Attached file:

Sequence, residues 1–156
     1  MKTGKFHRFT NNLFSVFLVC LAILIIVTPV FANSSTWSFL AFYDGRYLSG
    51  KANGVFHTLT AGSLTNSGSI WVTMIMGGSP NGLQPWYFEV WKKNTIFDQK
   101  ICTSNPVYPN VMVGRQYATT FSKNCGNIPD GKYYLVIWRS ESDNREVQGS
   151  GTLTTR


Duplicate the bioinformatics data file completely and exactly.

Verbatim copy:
Sequence, residues 1–156
     1  MKTGKFHRFT NNLFSVFLVC LAILIIVTPV FANSSTWSFL AFYDGRYLSG
    51  KANGVFHTLT AGSLTNSGSI WVTMIMGGSP NGLQPWYFEV WKKNTIFDQK
   101  ICTSNPVYPN VMVGRQYATT FSKNCGNIPD GKYYLVIWRS ESDNREVQGS
   151  GTLTTR